Examples of interventions with parents from other countries
Ways in which policies are interpreted and implemented vary amongst and within countries. Some features of practice from international examples include:
 The Parents as Career Transition Support (PACTS) program in Australia provides parents with up-to-date information related to their children’s transitions through group workshops. A trained facilitator discusses with parents how they can support their children’s career aspirations and preferences with confidence.
 The Future to Discover project in Canada comprised a range of interventions that supported the education and labour market outcomes of under-represented students. The Explore your Horizons programme of workshops explored educational options in post-secondary education. It offered enhanced career planning and information on the costs and benefits of post-secondary education. The aim was to increase the knowledge of young people and their parents about future options, but also provide guidance to parents on how to support their children in this process.
 Family Conference is the method used in Czechia to support a young person in a difficult situation or in a crisis. It is also used to support disadvantaged groups, like migrants. A key principle is the full integration of parents, who take responsibility to mobilise resources to help the young person in need.
 In France, voluntary organisations are working with schools to help tackle social inequalities by supporting young people with their educational journey. Higher education students are providing tutoring support on a voluntary basis to young people and their parents in their homes to raise aspirations. The volunteers spend two hours a week with the family over the year creating a positive bond.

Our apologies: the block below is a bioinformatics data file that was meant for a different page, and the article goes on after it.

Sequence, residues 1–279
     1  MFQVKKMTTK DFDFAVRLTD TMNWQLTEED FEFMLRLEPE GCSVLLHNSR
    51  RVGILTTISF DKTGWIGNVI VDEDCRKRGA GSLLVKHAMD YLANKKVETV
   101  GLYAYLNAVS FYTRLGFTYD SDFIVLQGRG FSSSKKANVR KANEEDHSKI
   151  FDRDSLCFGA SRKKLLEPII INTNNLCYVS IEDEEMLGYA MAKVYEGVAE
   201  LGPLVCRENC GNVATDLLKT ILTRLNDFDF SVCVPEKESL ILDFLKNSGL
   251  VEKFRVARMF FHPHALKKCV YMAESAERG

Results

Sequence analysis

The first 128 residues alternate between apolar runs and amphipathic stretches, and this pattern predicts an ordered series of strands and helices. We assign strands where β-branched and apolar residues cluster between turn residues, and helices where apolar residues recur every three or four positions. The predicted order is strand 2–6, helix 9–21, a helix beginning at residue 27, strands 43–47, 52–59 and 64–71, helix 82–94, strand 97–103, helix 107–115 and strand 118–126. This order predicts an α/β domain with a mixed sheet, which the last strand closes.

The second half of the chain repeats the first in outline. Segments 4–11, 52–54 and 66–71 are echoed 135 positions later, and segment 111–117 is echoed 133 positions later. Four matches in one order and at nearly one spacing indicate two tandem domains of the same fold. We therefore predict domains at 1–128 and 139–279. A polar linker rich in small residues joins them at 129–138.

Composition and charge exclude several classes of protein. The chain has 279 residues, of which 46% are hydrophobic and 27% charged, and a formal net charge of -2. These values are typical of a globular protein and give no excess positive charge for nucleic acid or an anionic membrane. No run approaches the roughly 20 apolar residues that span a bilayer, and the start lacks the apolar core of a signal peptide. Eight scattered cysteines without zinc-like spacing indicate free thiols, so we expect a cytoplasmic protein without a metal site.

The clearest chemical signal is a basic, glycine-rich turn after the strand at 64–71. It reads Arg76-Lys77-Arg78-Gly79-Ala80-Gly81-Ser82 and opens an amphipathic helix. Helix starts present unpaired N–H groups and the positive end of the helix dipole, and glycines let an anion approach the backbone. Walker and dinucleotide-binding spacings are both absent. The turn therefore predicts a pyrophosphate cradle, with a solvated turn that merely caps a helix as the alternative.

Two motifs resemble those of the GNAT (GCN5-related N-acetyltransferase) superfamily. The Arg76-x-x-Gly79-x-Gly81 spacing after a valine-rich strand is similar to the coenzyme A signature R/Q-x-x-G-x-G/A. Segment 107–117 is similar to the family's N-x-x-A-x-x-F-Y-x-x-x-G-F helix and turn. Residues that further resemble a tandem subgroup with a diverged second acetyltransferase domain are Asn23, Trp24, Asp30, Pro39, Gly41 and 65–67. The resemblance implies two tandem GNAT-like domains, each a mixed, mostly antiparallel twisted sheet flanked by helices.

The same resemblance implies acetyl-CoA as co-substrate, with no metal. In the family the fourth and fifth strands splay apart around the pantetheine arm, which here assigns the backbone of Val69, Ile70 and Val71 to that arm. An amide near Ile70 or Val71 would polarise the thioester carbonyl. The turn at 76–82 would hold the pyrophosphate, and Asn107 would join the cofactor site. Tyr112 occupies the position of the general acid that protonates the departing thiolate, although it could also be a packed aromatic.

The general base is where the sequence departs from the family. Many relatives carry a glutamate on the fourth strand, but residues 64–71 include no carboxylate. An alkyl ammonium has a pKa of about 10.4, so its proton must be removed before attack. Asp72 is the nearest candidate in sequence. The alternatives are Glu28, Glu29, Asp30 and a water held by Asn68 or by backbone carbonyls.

 In Germany, Vodafone has published a handbook of good practice, with practical examples of how to get parents involved in schools. Although the focus is not specifically careers education, the practical suggestions are equally transferable to CEG. Four ‘pillars’ are identified: building relations, respectful communications, involvement in different activities, and ways of cooperating with parents.
 In Hong Kong, as part of The CLAP for Youth project, an award for parents has been introduced to support parents to realise their own career dream. The underpinning rational being that if parents can be supported to succeed in achieving their own career dream, they are more likely to motivate and support their children in achieving theirs.
 In the Netherlands, Parents Turn was a government-funded project in secondary education. Four career interventions were delivered by career teachers with the support of tutors, teachers and heads of department at their schools. Parents and their children attended the sessions together, which aimed to support parents in facilitating their children’s career building.
 Individual Learning Plans (ILP) was highlighted in the USA as a common mechanism for integrating parents into the CEG programme, involving annual meetings with the parent and student, to record progress and difficulties and negotiate a career action plan for the next year.

Learning from others in the design and delivery of careers-related activities for parents

From the evidence, key learning that has emerged in relation to the design, development and delivery of careers-related activities and programmes to support parental knowledge and engagement in careers advice includes: strategic leadership and management support; parental involvement in the design of CEG activities; targeted, personalised communication to parents; and mixed delivery programmes involving a range of activities, events, etc.

Key features of current parental engagement strategies in schools and colleges include:
 Planned activities embedded across the school and college as part of their service;
 Effective leadership;
 Collaboration and engagement between the educational institution and parents;
 CPD to support careers practitioners and education staff in their engagement with parents;
 Clear communication plans to engage parents including the use of digital tools; and
 Ongoing monitoring and development for sustained improvement.